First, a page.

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snshunter's Interview with Chuck Kallenbach


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Back in June 2021, snshunter had got in contact with Chuck Kallenbach and asked a few questions.


First a generic fluff question, Got a favorite card?


My favorites were the four promo PCs named after playing card suits. I had to think a bit to get all four of them playable at one time. That was fun!
The promotional cards, and especially the Level Up! cards, were a real blast to create. We tried to blow the doors off with some of those cards.

Did decipher approach Bandai with a proposal or did Bandai reach out to decipher?


Unlike every other game I've ever worked on, a couple of us were playing the dothack video games and we told management that they should get the license. Amazingly, they did!


The cards used a mix of character promotional art, 3d game graphics, and screenshots from the series as opposed to any original artwork, Not an uncommon thing of the time, and also true of the .hack card games released in Japan at the time.Are these the result of restrictions placed by the license or caused by other factors during development?


One of the factors that brought about the end of the game's life was that we were running out of monsters. Our excellent art department created some 3D monsters in the same style and pitched them to Bandai, but they were never approved.
I have a saying about licensed property game design: "No part of the buffalo is wasted." We realized that the OVA series could be a source of new images, and again it was a fun challenge to come up with how that worked in our game.
When I saw the stylized characters that we used for .hack//GIFT the first time, I knew I wanted to grab them right away.

For the 3d graphics, where these something Bandai sent to be used or did your graphics team have to work those out of the game somehow?


All the 3D monster images were sent to us by Bandai. There were a large number of screenshots used in .hack//ENEMY, which we usually tried to avoid at Decipher, but we didn't have the resources to do original art.

Most of the time things are as expected, some times there is Crimson Knight.
His mouth is a thing of wonders, truly. (I'm a bit fuzzy as it's been a while but I recall that frame of the anime was also made fun of at the time.)
I have to know, do you know if this still was used on purpose or did no one on the team find it as funny as the community now does?


This was definitely not done on purpose! None of us were aware of that goofy glitch, and I do find it very funny now that you've pointed it out.

It's also been noticed by the community that there are a couple of Blademaster characters from the game are labeled and treated as Heavy Blades in //Enemy.  It's assumed that this is the result of a general lack of Heavy blades available in the source materials. Is this the case or were there other factors at play? Were there other issues with the source material that y'all had to work around?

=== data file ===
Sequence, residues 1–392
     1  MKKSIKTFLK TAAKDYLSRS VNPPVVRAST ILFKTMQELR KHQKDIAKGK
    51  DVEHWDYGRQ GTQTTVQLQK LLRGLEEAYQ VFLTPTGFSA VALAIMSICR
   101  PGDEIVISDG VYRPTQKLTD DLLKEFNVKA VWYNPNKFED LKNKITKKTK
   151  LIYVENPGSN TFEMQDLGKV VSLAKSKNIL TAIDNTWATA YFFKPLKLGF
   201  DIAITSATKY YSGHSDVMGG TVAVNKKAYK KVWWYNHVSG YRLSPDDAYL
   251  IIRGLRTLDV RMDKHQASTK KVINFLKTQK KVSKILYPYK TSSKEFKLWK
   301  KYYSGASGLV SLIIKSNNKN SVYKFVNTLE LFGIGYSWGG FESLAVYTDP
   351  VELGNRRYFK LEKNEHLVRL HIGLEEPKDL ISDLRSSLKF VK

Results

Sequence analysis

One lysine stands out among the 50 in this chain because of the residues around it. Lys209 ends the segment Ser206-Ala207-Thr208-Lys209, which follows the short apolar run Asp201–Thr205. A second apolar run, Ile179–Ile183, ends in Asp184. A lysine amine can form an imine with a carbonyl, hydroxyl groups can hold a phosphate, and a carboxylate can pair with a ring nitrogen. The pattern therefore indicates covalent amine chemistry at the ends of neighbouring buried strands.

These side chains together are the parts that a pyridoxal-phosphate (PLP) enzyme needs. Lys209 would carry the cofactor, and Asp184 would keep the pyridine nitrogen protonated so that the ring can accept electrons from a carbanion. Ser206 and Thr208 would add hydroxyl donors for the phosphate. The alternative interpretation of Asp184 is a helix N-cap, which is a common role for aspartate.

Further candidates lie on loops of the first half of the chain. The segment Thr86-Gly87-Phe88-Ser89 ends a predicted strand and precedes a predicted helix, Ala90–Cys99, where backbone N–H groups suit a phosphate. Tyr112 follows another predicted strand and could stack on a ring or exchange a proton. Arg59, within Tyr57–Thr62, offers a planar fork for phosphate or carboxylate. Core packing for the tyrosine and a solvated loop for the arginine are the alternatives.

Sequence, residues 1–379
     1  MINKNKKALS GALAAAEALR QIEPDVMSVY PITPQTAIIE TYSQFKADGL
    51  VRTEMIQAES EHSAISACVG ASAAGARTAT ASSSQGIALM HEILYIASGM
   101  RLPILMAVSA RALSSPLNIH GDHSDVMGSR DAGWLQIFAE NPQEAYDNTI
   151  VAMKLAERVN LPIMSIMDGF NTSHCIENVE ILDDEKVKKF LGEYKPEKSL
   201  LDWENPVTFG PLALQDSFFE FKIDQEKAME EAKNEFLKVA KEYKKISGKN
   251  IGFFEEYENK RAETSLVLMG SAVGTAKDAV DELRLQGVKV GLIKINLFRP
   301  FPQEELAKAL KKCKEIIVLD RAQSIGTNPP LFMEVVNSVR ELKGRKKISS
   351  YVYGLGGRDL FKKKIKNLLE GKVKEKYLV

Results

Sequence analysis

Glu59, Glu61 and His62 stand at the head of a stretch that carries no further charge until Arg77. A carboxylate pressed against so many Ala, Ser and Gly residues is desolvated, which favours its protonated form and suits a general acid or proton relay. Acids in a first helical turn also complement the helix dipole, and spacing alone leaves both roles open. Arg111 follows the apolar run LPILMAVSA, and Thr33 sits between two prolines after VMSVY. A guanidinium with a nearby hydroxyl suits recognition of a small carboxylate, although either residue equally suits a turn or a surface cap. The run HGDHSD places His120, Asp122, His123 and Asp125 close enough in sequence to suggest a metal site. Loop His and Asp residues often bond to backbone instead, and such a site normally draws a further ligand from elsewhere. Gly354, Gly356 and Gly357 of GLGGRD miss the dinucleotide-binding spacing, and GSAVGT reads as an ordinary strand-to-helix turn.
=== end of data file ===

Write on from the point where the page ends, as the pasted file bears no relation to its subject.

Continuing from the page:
We certainly wanted to have similar numbers of all the different PC classes, although those could have just been errors.

Knight cards become a thing in the Breakout expansion, but even before then the original Ginkan promotional card is labeled a knight well before then though the original Suburu is not. How far ahead of time were the features of each expansion pre-planned?


We had already played through the games and watched the videos, so we knew what was coming down the road. Personally, I'm a big fan of character traits, so I stuck those in whenever I could.

One thing that I've personally wondered about //Enemy is just how different it feels to other cards games, The limited card plays, building up numbers and anticipating attacks, the way you "may" do so many different things, and how drastically that changes how each deck essentially plays the game. In my experience nothing has quite done what it's done since.
What things went into inspiring the design of this game?


At Decipher, we were in the business of making card games that served the IP they were based on. That meant 3 PCs, wielding weapons, fighting monsters, in areas (fields). That's where the card types came from.
We had lived through several Star Wars games with good guy decks and bad guy decks, and we decided to use the system from Lord of the Rings TCG with good and bad cards in the same deck.
The "spot" system was also derived from some of the costing in LOTR.
Originally, ENEMY didn't have the destiny draw system, but the game needed added variance so we pulled that reliable old mechanic off the shelf.

Were there any cards or concepts that y'all were unable to use for one reason or another, or things you wanted to make but were unable to do?


Bandai pretty much allowed us to make whatever we wanted with the stories and images they had created. There was nothing they said no to, apart from the creating monsters issues listed above.

Were there any strategies that were found that forced y'all to rethink the the design at all going forward?


We were always aware that it was possible to make a deck without PCs. That was something we watched carefully, and would have changed the rules for tournament play if that ever became necessary.

Had the game been allowed to continue, do you think it would have expanded into other .hack properties, such as Legend of the Twilight or G.U.


I would have loved to explore other connected properties, but unfortunately, I don't think the sales of the game warranted further products.
ENEMY came to market the same time as a number of other anime-based CCGs, and that split up the fan base somewhat. ENEMY outlasted all of them, but by then, the market had moved on.


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